Cybersecurity Series: Protecting Your Private Information Online, Part IIBy First IB on June 6, 2016
You have locks on the doors of your house and car for a reason…to protect your family and possessions. The same should hold true for your private and financial information. Following are some tips from the FDIC for keeping your banking and other information safe online.
- Install anti-virus software and set it to update it automatically. These programs help detect, prevent and remove malware that can find their way to your computer (through an email attachment, a file downloaded from an infected website or contaminated thumb drive) and access your private information.
- Keep your operating system, browser and anti-virus software up to date. Software manufacturers periodically provide updates that protect against security vulnerabilities or weaknesses. But before you install any update, confirm its authenticity by contacting the provider and/or checking its website.
- Be careful about providing your information to third parties. Some “account aggregation” services allow you to pay bills, monitor your transactions or keep track of other accounts from a single site. Though it may be convenient, these sites also present potential security issues. Do your due diligence with these organizations and make sure the sites are legitimate.
- Only use security products from reputable companies. When it comes to security, it pays to do your homework. Look for reviews from other consumers, publications or ratings sites to ensure you’re using the right tools and will have access to support in the event you need it.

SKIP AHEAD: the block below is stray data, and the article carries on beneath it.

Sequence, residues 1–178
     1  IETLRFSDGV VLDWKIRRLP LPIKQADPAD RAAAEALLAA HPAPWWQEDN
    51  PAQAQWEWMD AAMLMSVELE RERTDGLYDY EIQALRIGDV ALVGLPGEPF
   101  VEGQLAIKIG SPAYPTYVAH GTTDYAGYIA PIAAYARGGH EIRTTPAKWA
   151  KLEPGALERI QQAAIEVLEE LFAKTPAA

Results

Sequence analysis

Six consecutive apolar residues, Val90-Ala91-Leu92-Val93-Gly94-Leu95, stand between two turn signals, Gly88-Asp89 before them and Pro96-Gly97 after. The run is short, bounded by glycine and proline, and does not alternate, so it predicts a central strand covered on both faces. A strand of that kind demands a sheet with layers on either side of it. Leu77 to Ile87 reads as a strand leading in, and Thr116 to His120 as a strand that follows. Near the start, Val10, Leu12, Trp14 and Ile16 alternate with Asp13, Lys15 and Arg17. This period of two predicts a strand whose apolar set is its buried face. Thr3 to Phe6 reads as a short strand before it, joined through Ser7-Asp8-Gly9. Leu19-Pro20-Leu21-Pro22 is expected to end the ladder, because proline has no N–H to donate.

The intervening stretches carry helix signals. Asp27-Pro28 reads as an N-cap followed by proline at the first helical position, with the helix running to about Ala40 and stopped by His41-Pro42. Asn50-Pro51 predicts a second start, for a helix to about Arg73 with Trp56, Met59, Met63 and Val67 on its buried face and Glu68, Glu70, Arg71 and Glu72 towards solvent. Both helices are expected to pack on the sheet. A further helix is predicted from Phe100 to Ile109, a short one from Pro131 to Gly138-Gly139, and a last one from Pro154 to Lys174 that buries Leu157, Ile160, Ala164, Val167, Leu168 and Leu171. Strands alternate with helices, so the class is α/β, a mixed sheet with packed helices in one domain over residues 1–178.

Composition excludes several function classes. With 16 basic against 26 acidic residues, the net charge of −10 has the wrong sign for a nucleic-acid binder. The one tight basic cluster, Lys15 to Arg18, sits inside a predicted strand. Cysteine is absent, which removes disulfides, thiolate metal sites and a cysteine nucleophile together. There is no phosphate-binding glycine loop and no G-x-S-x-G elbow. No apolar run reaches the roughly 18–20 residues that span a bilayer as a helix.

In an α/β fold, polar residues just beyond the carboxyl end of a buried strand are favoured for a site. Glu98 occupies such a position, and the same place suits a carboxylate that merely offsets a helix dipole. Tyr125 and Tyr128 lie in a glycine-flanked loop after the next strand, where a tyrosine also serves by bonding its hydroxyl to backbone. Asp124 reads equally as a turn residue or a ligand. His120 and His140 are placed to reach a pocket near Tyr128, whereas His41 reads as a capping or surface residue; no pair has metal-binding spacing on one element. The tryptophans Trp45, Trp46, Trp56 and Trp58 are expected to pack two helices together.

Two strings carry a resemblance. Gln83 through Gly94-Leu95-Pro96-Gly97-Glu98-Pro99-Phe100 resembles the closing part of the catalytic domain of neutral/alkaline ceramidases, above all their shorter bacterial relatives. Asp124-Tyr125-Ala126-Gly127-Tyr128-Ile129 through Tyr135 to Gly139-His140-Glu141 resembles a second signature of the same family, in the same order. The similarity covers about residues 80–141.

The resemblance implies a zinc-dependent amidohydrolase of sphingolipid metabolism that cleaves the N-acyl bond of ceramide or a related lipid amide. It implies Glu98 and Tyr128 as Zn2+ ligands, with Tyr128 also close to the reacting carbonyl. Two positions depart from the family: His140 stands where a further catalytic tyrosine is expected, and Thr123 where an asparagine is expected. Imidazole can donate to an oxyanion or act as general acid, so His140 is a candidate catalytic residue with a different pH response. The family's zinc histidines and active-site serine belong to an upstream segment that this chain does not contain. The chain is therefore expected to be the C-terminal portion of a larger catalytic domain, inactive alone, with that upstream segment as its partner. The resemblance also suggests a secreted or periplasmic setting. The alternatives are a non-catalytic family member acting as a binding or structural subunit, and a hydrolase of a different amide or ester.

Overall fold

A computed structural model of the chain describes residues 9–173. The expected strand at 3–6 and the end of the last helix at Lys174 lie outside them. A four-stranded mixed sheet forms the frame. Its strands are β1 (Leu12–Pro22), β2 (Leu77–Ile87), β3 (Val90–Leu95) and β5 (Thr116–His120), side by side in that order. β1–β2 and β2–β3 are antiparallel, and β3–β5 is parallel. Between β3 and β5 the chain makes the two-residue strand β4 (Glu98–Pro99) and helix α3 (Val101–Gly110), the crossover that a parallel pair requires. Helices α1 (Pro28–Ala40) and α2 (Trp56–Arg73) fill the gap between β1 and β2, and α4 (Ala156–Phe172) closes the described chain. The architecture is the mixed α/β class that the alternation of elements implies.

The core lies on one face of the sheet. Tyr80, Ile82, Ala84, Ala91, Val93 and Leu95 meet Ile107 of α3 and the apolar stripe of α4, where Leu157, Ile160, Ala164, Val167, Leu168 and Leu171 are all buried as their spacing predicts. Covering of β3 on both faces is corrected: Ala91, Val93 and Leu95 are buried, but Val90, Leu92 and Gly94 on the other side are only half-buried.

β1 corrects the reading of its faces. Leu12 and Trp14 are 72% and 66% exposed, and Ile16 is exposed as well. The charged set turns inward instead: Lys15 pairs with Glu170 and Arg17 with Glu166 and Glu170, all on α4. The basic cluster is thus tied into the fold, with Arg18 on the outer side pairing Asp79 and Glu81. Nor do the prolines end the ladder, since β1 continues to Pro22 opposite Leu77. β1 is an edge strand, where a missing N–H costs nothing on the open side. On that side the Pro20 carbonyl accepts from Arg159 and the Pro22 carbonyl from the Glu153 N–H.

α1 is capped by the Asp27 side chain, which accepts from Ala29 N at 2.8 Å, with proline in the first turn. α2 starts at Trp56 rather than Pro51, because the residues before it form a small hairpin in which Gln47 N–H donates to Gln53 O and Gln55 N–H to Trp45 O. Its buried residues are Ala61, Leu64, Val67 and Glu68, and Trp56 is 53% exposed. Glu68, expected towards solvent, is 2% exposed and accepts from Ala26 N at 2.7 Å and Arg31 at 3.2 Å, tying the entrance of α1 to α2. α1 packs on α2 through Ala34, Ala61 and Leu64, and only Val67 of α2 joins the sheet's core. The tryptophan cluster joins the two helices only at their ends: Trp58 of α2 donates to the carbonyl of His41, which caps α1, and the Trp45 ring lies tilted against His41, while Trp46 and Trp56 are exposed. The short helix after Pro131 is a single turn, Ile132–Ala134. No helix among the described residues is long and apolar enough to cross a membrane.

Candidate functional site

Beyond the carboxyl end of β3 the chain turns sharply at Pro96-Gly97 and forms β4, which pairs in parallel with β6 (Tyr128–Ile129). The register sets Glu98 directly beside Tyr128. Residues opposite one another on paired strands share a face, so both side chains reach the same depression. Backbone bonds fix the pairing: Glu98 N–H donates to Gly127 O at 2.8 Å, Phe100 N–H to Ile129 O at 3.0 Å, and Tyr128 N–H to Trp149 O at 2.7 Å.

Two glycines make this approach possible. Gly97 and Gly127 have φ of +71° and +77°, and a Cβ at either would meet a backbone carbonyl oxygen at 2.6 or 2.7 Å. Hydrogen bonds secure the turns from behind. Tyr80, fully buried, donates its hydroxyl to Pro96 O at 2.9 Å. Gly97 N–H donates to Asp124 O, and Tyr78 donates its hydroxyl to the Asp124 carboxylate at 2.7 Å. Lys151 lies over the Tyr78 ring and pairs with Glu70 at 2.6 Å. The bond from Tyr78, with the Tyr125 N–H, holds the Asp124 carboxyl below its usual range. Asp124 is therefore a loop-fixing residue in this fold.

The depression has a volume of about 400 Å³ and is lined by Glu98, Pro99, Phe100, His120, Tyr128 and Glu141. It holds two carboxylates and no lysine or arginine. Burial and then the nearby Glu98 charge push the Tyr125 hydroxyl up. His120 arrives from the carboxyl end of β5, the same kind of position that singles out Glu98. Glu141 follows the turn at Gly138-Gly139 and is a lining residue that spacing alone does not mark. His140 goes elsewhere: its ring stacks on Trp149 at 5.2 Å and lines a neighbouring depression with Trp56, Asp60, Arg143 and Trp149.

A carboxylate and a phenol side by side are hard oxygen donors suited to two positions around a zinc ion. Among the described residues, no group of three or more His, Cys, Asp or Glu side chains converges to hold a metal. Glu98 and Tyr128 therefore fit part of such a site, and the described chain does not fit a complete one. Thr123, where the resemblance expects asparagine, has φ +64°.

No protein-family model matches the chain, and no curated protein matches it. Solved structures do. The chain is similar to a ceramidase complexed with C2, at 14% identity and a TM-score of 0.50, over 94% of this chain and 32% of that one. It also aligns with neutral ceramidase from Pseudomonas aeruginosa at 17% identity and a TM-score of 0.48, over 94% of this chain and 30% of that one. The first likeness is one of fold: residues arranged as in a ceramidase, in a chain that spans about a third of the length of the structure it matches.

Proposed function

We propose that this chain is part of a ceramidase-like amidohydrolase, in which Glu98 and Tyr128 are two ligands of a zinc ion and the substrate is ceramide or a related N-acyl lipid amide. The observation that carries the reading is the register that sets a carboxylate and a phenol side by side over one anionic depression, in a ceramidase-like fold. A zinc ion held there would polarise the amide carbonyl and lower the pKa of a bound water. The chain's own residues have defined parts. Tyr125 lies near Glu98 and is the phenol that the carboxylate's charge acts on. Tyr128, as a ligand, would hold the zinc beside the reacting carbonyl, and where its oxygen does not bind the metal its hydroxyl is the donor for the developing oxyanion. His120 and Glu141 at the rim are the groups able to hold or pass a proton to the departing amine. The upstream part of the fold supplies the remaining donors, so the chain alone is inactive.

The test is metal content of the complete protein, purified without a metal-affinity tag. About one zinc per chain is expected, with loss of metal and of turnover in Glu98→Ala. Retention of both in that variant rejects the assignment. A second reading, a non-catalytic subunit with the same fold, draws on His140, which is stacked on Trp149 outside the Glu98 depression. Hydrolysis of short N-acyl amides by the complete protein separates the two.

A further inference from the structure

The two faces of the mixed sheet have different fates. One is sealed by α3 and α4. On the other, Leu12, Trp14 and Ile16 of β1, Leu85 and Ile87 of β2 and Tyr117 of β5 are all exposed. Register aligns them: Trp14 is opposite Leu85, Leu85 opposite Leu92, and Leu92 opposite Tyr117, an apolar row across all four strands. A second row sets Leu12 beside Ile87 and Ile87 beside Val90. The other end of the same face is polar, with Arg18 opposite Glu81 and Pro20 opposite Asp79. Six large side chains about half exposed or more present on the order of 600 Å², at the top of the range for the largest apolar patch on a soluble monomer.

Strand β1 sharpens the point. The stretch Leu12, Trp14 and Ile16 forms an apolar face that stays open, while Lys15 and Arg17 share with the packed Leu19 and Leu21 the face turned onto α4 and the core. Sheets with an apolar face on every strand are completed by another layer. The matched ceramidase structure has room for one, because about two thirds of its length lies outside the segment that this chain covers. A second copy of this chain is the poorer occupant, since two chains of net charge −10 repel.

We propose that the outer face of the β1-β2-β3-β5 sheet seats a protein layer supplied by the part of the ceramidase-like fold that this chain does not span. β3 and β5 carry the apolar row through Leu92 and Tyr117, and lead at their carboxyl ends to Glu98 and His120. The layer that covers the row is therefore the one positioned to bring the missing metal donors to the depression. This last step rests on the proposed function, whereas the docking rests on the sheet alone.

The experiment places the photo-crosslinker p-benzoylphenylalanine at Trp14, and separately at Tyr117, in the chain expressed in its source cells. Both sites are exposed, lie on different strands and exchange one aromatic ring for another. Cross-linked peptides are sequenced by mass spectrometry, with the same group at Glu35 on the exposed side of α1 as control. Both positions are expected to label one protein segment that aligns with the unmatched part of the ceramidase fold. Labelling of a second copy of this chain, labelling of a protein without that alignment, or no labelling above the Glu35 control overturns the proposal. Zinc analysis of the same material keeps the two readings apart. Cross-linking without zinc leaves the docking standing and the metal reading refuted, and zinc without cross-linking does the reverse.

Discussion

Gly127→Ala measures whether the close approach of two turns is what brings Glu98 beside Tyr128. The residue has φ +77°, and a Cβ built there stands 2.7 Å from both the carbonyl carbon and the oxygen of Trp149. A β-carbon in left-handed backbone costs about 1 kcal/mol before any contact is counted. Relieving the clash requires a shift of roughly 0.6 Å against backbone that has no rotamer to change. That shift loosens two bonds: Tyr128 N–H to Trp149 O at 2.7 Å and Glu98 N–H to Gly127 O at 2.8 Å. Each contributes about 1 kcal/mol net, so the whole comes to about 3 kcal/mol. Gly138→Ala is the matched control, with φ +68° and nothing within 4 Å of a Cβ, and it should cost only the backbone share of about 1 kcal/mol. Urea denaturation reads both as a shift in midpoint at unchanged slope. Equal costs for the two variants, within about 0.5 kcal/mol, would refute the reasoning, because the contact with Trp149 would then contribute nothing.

- Use Internet safety features. Whenever you’re entering or accessing private information (online banking, shopping, completing an application, etc.), it’s best to use sites that encrypt your information as it travels to and from your computer. Make sure you’re on a site that’s secure (look for a Web address that includes the “s” in https://, which stands for secure).
- Be careful where and how you connect to the internet. While it is convenient to connect to Wi-Fi in a public “hotspot”, it may not be worth the risk to your personal security. Public connections can be used by criminals to obtain your private information. The best way to ensure your safety and security is to use your personal computer, with a secure and trusted connection.
First IB is committed to safeguarding your information and we’re always looking out for you by sharing practical tips like these. Please call us toll-free at 1-888-873-3424 if you have any questions about protecting your personal information.